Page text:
WASHINGTON, D.C. - Government data shows what pot enthusiasts have preached all along: Marijuana is safer than alcohol.
At least that the conclusion Washington Post writer Christopher Ingraham came to after measuring the ratio between people who smoke marijuana and end up in the hospital and those who use other drugs and end up in the same place.
What he found contradicts what the government has been telling the public for years—marijuana poses a lower health risk than other category I and II drugs and alcohol, Ingraham says.
The Office of National Drug Control Policy reports that "mentions of marijuana use in emergency room visits have risen 176 percent since 1994, surpassing those of heroin." The Drug Enforcement Administration also released a 41-page-report that said marijuana played a factor in nearly half a million E.R. visits in 2011. Cocaine was the only drug to top it.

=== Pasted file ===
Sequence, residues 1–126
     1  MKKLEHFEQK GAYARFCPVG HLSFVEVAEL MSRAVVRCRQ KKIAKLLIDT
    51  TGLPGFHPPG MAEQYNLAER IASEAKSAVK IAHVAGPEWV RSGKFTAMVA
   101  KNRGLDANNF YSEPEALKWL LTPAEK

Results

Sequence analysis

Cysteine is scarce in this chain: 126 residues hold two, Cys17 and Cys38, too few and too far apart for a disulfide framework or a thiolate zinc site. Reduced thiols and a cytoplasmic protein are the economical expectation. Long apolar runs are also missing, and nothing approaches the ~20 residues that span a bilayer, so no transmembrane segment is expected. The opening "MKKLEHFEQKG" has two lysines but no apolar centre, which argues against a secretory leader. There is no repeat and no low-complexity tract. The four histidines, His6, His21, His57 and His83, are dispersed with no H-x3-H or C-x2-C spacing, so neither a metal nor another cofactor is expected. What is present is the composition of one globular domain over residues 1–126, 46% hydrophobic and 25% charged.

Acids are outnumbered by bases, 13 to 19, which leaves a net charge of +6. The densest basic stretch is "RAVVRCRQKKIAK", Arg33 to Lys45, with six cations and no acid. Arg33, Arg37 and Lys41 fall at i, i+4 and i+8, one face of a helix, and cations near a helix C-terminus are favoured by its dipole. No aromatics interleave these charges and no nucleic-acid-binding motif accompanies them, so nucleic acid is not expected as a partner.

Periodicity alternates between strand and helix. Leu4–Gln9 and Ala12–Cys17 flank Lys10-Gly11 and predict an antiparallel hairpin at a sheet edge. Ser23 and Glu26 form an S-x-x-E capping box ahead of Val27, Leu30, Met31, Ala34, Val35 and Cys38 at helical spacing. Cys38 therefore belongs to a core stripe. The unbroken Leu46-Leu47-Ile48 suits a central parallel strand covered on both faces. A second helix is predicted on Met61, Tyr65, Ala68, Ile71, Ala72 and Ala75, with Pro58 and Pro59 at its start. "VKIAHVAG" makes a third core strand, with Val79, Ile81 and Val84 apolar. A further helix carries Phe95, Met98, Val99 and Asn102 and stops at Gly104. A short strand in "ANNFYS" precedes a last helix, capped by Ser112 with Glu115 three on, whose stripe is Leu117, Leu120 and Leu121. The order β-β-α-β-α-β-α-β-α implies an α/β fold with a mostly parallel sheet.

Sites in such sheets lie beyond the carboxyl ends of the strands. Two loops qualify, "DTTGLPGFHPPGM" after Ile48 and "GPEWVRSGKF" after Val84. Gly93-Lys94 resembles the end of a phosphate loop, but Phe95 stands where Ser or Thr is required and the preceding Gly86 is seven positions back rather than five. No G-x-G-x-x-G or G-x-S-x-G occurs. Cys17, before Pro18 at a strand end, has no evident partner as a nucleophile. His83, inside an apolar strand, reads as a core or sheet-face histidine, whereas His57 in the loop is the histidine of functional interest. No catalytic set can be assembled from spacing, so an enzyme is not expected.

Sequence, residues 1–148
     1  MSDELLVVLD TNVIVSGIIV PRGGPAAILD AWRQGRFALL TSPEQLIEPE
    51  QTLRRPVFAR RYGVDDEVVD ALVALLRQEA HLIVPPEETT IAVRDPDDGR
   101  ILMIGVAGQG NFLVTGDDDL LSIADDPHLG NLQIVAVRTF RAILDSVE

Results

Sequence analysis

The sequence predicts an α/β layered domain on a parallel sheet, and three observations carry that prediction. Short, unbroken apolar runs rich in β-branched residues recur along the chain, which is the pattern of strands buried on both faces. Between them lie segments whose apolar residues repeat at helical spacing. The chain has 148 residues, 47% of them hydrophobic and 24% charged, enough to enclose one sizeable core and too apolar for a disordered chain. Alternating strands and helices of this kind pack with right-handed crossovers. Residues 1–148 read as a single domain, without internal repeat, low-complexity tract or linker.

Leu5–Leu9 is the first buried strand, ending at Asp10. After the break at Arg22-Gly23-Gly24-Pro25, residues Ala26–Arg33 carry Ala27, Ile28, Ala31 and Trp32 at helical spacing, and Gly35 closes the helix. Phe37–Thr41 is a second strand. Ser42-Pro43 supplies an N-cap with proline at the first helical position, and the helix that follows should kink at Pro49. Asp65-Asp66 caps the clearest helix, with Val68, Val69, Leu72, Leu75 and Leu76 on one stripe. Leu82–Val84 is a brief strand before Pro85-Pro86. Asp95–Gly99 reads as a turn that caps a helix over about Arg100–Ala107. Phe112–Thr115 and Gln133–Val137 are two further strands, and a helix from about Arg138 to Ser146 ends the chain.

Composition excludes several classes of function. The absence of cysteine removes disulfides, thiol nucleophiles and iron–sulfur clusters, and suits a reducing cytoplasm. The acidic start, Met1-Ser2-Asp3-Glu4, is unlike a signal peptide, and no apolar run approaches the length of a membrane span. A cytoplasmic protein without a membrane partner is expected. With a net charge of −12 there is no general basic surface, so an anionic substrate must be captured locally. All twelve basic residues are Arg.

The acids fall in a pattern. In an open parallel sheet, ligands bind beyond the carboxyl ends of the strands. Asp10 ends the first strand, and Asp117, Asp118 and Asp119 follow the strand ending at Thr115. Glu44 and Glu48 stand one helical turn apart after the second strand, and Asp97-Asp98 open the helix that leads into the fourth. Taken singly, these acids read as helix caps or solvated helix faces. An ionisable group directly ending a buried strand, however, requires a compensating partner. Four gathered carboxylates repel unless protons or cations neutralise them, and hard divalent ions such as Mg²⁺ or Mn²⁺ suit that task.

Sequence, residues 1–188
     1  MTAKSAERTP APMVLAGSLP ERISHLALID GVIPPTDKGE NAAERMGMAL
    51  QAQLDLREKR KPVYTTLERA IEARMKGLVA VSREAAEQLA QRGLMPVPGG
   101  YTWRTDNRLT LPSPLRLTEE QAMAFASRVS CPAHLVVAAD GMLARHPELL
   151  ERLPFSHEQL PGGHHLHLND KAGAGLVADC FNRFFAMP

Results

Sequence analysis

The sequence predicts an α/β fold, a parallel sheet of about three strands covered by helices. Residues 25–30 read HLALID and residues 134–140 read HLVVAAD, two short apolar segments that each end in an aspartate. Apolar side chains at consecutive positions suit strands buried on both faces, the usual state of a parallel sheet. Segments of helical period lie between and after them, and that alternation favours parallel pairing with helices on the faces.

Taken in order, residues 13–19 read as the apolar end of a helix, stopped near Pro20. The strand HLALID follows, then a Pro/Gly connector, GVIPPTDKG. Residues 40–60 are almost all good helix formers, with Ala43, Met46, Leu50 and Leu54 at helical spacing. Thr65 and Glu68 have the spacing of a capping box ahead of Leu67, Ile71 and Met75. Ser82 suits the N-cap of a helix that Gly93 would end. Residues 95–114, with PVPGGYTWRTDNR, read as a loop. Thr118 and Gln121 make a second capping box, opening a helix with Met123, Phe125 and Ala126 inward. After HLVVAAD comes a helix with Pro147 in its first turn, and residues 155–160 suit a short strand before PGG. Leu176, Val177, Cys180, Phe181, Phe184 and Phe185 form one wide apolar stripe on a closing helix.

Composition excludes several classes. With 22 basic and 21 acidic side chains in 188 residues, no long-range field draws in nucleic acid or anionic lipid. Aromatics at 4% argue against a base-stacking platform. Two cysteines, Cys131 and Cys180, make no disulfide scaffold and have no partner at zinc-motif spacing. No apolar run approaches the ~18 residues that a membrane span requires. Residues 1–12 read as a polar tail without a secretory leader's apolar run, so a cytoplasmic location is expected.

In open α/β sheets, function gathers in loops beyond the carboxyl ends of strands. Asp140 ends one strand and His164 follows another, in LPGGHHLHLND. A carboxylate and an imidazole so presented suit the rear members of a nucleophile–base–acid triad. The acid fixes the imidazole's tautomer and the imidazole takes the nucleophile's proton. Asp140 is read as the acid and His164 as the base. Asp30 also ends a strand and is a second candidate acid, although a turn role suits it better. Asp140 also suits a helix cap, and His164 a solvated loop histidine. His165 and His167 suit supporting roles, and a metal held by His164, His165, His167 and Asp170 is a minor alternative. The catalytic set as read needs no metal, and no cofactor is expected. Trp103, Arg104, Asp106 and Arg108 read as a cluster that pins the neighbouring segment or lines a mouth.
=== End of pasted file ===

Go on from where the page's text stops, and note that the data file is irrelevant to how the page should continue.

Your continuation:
But the problem with those numbers has always been that they mean little when they aren’t compared to the total number of people who use each drug, according to Ingraham,
“When you consider that there are approximately 70 times more marijuana users than heroin users in the United States, it makes sense that more of the former are going to the hospital than the latter,” he writes.
So Ingraham analyzed the data himself, using government compiled information from the National Survey on Drug Use and Health, Drug Abuse Warning Network, and a National Institutes of Health Report.
This is what he found:
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